Dolce Gusto is a popular range of single use coffee pods made by NESTLE. They are cheap, tasty, and pack more coffee per serving than the more well-known ‘Nespresso’ pods (which we really like!)
But, In the rush for convenience, we often overlook some of the nuances on the packing such as what type of coffee it is, and how to best prepare it.
Do you know that they have a tiny number printed on the packaging? Or what the green bars mean? In this article, we’re going to explain two common questions about Dolce Gusto capsules.
- What the numbers on the pods mean
- What the bar scale icon on the pods mean
Why Listen To Us? Well, because we KNOW coffee! In fact, we make our own coffee, coffee machine cleaners, and reusable capsules which we've sold to over 41 countries. Our team ouf experts include Tristan (an engineer), Claire (a food writer) and Richy (a barista). So, whether you're looking for a recipe or repair guide, we've got you covered 💚
Table of Contents
Why are Dolce Gusto pods numbered?
The numbers on a Dolce Gusto pod refer to the “intensity” of the coffee, a straightforward visual scale, created by Nespresso, the most renowned coffee pod manufacturer, to facilitate the consumer’s purchasing experience. This number goes from 1 – 13 where the higher the number, the higher the intensity.
Does High Intensity Mean High Caffeine?
When we buy high-intensity coffee capsules, we tend to think that this is the most caffeinated option, the one that will give us more energy. Therefore, the one we want to start the day with. And it is only natural for us to assume that, due to the vagueness of the term “intensity”. But nothing could be further from the truth. The Organization of Consumers and Users (OCU) has revealed in a recent report that this term is used by brands to classify all their specialties, but that it is relatively independent of the amount of caffeine in the product.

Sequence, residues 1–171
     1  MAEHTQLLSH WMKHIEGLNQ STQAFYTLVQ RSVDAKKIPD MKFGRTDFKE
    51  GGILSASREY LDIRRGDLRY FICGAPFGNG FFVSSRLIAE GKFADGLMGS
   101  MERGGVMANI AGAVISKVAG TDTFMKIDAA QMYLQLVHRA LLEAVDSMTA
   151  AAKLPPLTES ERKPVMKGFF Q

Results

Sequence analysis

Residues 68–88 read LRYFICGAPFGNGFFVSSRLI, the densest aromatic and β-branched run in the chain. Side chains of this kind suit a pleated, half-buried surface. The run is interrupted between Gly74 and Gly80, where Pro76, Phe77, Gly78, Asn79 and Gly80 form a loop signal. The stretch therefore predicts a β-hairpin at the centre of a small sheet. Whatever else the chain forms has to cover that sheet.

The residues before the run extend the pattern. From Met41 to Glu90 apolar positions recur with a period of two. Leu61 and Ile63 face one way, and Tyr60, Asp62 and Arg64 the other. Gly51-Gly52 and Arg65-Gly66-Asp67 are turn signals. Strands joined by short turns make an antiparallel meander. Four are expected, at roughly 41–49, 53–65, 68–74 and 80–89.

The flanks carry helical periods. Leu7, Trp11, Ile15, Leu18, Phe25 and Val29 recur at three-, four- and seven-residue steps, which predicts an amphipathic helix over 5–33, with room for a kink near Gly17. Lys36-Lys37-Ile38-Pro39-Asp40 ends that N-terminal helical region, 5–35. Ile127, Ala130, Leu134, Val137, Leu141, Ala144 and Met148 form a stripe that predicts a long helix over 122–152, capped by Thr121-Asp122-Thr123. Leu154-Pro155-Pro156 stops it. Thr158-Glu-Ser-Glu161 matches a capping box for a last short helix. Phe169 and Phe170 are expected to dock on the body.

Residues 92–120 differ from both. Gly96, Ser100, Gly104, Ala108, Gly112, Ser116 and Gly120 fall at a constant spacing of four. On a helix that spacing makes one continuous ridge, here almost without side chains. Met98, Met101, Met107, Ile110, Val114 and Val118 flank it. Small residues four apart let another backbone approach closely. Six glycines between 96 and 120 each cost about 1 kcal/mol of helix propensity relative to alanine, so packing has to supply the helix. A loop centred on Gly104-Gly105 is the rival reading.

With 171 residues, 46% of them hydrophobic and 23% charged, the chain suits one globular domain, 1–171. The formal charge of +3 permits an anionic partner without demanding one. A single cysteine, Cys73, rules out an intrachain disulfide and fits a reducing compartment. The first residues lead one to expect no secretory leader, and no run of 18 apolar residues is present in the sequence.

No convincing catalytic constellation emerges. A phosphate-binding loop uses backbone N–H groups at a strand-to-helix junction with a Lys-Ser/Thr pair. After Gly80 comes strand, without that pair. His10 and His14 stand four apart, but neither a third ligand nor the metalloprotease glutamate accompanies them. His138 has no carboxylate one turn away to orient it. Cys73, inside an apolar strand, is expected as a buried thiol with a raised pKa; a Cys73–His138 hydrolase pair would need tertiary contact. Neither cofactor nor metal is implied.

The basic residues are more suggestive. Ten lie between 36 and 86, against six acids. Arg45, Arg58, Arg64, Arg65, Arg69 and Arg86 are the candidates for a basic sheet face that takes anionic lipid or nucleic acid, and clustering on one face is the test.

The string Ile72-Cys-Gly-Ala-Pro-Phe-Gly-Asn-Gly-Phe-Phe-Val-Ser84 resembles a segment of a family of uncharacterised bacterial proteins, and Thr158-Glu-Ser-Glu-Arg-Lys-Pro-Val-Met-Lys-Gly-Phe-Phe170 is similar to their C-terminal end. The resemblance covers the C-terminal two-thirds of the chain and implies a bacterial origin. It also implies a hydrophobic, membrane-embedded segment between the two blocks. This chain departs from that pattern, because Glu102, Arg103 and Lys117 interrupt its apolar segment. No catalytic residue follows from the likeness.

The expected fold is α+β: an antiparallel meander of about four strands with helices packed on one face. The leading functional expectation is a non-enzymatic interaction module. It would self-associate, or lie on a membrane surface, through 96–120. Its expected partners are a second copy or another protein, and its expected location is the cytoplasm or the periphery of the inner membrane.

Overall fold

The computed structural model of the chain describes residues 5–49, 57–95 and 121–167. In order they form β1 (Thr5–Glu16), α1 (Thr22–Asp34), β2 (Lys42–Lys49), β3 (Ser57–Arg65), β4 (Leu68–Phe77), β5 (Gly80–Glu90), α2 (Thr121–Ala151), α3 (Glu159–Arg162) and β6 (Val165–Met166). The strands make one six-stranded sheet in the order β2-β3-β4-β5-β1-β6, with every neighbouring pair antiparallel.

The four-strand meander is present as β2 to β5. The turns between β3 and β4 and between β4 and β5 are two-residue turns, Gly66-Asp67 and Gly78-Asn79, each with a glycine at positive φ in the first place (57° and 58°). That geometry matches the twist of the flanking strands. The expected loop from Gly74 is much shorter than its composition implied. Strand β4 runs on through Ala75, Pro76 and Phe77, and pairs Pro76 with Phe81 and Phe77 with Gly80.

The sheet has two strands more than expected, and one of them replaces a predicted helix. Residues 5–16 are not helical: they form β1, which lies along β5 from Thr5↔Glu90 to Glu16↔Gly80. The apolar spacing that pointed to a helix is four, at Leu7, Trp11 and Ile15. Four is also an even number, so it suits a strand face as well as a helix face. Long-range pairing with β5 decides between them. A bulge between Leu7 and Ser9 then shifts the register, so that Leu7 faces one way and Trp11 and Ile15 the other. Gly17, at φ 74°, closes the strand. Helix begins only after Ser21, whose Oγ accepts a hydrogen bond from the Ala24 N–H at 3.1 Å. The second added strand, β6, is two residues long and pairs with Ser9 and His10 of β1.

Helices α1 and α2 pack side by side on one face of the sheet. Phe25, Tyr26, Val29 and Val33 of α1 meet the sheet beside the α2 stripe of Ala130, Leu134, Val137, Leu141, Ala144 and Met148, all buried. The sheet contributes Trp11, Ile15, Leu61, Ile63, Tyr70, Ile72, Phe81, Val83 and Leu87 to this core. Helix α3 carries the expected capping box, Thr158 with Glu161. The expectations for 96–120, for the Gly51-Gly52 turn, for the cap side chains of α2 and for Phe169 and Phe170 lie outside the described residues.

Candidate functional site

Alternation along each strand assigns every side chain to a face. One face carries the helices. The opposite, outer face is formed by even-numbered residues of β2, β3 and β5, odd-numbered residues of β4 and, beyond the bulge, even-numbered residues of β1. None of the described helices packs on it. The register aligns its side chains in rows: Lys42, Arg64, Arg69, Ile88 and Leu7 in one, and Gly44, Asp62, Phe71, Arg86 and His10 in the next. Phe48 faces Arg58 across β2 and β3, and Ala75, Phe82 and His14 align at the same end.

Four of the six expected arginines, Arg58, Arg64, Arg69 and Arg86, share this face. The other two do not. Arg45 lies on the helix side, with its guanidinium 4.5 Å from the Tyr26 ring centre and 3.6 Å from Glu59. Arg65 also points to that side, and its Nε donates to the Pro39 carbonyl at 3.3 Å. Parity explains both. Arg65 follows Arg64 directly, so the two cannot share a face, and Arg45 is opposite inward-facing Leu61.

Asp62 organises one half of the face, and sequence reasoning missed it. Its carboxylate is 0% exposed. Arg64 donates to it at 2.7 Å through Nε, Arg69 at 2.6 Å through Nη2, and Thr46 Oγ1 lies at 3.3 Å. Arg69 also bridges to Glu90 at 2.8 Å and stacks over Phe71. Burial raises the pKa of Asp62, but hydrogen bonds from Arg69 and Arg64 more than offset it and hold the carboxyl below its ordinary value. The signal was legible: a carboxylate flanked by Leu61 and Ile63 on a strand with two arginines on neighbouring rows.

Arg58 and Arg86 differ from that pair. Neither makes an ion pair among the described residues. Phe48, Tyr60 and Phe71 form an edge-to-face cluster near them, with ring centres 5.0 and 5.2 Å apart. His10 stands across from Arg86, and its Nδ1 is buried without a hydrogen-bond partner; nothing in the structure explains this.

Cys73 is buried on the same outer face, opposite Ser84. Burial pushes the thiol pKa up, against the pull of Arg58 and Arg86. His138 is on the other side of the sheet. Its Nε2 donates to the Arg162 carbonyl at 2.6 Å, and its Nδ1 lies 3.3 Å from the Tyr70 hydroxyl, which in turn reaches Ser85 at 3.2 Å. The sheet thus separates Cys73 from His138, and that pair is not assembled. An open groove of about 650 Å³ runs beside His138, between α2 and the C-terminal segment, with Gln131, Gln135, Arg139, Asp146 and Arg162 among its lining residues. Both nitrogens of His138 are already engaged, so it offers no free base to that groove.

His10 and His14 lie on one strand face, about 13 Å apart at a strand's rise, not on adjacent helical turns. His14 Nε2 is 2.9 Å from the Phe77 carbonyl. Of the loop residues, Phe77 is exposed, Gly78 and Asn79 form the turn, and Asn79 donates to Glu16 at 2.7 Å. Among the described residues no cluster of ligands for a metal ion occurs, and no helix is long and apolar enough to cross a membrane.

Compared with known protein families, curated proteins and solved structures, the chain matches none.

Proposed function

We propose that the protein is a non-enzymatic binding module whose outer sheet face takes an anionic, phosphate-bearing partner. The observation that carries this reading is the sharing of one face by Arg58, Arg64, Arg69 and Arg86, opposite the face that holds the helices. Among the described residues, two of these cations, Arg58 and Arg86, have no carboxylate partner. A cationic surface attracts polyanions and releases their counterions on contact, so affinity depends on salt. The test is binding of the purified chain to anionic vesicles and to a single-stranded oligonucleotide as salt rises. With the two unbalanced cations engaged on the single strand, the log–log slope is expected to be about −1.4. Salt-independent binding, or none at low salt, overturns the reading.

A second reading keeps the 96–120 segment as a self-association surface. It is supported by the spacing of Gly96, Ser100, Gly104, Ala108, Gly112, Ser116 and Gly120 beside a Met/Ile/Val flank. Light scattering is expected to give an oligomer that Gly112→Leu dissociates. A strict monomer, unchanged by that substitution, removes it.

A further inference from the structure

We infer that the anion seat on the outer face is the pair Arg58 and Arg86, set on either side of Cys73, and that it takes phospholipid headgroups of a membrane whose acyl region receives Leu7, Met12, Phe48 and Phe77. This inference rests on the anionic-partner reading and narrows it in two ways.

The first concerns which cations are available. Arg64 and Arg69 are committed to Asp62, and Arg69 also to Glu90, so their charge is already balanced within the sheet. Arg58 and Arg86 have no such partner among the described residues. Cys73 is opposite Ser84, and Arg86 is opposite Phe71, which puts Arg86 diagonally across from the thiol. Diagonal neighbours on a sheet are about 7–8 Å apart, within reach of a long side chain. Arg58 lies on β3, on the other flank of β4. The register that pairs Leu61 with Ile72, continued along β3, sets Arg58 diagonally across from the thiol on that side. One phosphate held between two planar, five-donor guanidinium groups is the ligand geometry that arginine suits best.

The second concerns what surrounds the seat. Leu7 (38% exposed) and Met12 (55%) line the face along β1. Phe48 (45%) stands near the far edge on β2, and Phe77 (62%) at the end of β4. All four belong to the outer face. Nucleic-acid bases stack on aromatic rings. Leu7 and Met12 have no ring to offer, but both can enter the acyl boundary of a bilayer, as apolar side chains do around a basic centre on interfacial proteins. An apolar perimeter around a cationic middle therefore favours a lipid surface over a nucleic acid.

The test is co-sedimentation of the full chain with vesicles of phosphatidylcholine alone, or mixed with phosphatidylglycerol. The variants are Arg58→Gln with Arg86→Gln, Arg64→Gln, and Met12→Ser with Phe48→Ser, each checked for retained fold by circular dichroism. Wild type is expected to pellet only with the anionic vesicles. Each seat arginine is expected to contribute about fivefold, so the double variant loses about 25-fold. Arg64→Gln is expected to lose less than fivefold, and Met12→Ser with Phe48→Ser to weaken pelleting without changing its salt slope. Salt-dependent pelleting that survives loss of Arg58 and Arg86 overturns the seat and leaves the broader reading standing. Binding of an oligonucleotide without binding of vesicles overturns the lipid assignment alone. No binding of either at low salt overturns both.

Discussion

According to the experts, the reality is that intensity is a term that is only traditionally used in coffee tasting to determine its taste and olfactory characteristics, that is, the degree to which we perceive the aromas in the nose and mouth. Many consumers continue to think that very bitter and “powerful” coffee, that almost slaps you in the face when swallowing it, is better as it contains more caffeine. For this reason, roasted coffee continues to be overused worldwide.
What Factors Influence The Coffee Intensity?
The origin of the bean, the type of grinding and roasting, the extraction method, the water, the cleanliness of the coffee pot, the amount of ground coffee, and the infusion time are factors that influence both the “intensity” and the level of caffeine.
In Fact, the company itself says “they select the rating based on the grounds to water, ratio, roast, and bitterness.” Therefore, we can summarise ‘Intensity’ as the following:
- Roast Level
- Arabica vs. Robusta
A bitter coffee with a lot of body is considered intense by Dolce Gusto standards. Such coffees get a grade of 8 or higher on the intensity scale. The ones that are rated at 6 or lower are considered as “not intense”.
2. Roast Level
Darker roasts have more intensity. The longer and hotter the roasting conditions the more bitterness, smoke, chocolate, and other intense flavor notes are produced.